There is less harm to be suffered in being mad among madmen than in being sane all by oneself.
(Denis Diderot)

Ala Ka Kuma was not a democracy. That made organising a revolutionary movement even more dangerous. The ruling chieftains and their military allies entertained a powerful secret police, the Khadamat Al’amn. Traditionally, however, Muslim fraternities, like the Muslim Brotherhood or the various Sufi movements, were enjoying certain liberties. Wukr el-Shabazz had therefore providently founded a new religious brotherhood.

The Al’iikhwa Miskin, the Brotherhood of the Poor, was his Ala Ka Kuman version of a clandestine socialist revolutionary party. He had even founded a mosque. A modest building in the southern outskirts of Bamako, a former storehouse, was serving as his ‘spiritual’ centre. Money was – as always – his main concern. The name of his organisation was symbol; poverty was his blazon.

Nevertheless, he had already gathered a followership of young men, about forty poor wretches, who were zealously listening to his sermons that told them of a better world here on earth. Women were, of course, not admitted. – But young men were all right. To seize power, one had to infiltrate the military. That was Wukr’s plan. Well, the idea of a plan… What else could he do?

The country had to be saved from certain doom. And he had got what it took to do it. There was nobody else in this frigging place who could see what was wrong. Yeah, it certainly would take years until he could hope to stage a putsch, but Bamako wasn’t a metropolis. The garrison wasn’t that large. There was no hope to infiltrate the Khadamat Al’amn. But once he had the soldiers, the policemen wouldn’t be a great problem…
 
Unreasonable haste is the direct road to error.
(Molière)

Franz Josef had made it. The Reichstag had elected him. He was now driving to Rheinsberg where the Kaiser was going to appoint him Imperial Chancellor. And Hanne Zülch was preparing the move of the staff to the Wilhelmstraße 77. She had already planned the move in advance. It wouldn’t be easy. One had more space right now than one was due to have in the imperial chancellery. Thank goodness for the zusies, with paper files it wouldn’t be possible at all.

Well, the papists had pulled him neatly over the barrel. Rudolf Amelunxen was the designated vice-chancellor and minister of the interior. Hans Kroll would be the foreign minister. Rudolf Hanauer was going to become minister of finance. So much for new men and a new policy… And Hans-Adolf Prützmann of the AFV was the incoming minister of war. The DVP had got almost nothing. Franz Josef would be chancellor, of course. Alfred Rosenberg, one of leading xenophobes, would get the ministry of justice. And Adolf von Thadden, one of Franz Joseph’s young men, was earmarked as minister of transport.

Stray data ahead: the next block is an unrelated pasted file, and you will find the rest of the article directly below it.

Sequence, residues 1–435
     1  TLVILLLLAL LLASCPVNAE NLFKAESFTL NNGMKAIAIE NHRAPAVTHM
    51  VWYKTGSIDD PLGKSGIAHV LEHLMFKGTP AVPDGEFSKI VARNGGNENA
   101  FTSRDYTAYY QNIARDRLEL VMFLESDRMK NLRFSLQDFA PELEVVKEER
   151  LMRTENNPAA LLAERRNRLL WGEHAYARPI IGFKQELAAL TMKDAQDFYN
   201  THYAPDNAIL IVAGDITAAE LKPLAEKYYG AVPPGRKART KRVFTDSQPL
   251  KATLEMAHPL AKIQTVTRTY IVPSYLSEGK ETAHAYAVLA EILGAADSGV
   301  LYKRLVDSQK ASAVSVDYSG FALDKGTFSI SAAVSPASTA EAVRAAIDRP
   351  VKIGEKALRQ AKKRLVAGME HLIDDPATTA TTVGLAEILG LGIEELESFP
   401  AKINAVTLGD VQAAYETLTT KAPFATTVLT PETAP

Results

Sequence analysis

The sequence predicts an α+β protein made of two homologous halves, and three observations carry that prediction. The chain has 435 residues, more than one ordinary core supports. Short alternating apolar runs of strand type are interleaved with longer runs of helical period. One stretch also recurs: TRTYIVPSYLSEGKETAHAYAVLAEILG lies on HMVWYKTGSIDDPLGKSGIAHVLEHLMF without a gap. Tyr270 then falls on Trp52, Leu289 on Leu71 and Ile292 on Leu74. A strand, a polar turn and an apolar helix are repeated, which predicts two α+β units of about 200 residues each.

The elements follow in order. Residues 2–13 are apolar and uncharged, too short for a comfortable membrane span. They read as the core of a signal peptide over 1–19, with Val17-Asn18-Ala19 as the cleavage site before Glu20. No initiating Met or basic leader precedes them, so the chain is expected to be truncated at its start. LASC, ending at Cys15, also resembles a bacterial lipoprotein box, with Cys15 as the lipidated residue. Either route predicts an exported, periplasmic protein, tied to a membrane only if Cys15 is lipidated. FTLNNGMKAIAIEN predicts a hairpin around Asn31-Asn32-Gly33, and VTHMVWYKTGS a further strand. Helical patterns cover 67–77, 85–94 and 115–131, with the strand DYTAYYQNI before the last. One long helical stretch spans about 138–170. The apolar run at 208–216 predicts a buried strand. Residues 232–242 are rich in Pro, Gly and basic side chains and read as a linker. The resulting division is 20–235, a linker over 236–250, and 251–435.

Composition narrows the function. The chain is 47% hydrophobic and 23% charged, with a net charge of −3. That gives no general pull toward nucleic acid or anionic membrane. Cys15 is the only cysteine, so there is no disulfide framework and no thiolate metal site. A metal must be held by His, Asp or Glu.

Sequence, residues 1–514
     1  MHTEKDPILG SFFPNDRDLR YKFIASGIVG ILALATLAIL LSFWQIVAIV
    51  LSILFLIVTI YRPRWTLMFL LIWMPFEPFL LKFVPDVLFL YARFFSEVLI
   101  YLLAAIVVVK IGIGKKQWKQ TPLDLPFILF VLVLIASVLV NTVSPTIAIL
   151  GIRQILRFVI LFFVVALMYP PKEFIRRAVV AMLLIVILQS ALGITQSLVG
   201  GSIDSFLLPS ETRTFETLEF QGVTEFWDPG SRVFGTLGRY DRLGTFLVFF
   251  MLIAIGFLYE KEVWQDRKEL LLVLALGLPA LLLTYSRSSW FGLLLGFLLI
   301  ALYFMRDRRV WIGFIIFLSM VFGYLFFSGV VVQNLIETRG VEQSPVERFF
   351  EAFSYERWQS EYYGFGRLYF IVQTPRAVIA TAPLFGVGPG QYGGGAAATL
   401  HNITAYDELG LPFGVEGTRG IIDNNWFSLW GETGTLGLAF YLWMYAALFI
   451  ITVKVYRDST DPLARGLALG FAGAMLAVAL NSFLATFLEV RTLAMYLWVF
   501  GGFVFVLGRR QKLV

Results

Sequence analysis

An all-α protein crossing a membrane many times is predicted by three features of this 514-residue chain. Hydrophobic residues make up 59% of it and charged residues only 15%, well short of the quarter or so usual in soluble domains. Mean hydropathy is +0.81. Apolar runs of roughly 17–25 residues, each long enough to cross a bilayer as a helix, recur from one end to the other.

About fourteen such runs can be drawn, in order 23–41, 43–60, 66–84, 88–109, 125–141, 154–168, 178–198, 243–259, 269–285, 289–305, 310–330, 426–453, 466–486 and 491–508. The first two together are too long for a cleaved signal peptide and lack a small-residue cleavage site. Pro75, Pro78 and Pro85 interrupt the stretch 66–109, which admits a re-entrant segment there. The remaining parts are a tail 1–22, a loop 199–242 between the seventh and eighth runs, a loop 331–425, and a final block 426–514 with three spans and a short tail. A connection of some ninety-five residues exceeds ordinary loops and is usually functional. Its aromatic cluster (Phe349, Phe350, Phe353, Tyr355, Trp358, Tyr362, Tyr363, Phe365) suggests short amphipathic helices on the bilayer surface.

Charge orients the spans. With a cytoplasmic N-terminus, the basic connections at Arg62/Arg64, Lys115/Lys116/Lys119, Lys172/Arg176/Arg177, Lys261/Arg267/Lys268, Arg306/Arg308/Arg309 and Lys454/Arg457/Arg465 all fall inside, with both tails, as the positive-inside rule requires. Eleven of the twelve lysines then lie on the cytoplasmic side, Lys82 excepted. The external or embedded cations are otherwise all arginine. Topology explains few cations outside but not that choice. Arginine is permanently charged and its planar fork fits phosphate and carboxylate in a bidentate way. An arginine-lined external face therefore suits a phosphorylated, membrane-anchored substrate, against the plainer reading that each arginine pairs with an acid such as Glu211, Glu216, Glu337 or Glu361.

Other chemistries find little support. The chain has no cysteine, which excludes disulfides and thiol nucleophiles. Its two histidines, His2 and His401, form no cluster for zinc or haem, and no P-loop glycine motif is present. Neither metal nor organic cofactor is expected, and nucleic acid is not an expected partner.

How was Franz Josef going to steer his new course with those old papist warhorses? All important positions would be held by them. And Hans-Adolf, whom Hanne knew very well, would neither comply with Franz Josef’s wishes but try to steer a course of his own, headstrong bastard that he was. Rosenberg was a hot-air artist and von Thadden a gimp. – A thrilling time seemed to lie ahead. How was Franz Josef going to tame his coalition partners? And how was he going to subdue the rioters and their councils?

Not even Berlin was entirely in his hands. And the rioters were quickly getting organised. Had Franz Josef overstretched himself? Would his chancellorship end in a failure? – Hanne checked her wrist watch. It was 14:45 hours on Friday, October 18th, 1963. Right now, the Kaiser should be appointing Franz Josef Imperial Chancellor.
“Good luck to all of us” she sighed.
 
Unreasonable haste is the direct road to error.
(Molière)

Franz Josef had made it. The Reichstag had elected him. He was now driving to Rheinsberg where the Kaiser was going to appoint him Imperial Chancellor. And Hanne Zülch was preparing the move of the staff to the Wilhelmstraße 77. She had already planned the move in advance. It wouldn’t be easy. One had more space right now than one was due to have in the imperial chancellery. Thank goodness for the zusies, with paper files it wouldn’t be possible at all.

Well, the papists had pulled him neatly over the barrel. Rudolf Amelunxen was the designated vice-chancellor and minister of the interior. Hans Kroll would be the foreign minister. Rudolf Hanauer was going to become minister of finance. So much for new men and a new policy… And Hans-Adolf Prützmann of the AFV was the incoming minister of war. The DVP had got almost nothing. Franz Josef would be chancellor, of course. Alfred Rosenberg, one of leading xenophobes, would get the ministry of justice. And Adolf von Thadden, one of Franz Joseph’s young men, was earmarked as minister of transport.

How was Franz Josef going to steer his new course with those old papist warhorses? All important positions would be held by them. And Hans-Adolf, whom Hanne knew very well, would neither comply with Franz Josef’s wishes but try to steer a course of his own, headstrong bastard that he was. Rosenberg was a hot-air artist and von Thadden a gimp. – A thrilling time seemed to lie ahead. How was Franz Josef going to tame his coalition partners? And how was he going to subdue the rioters and their councils?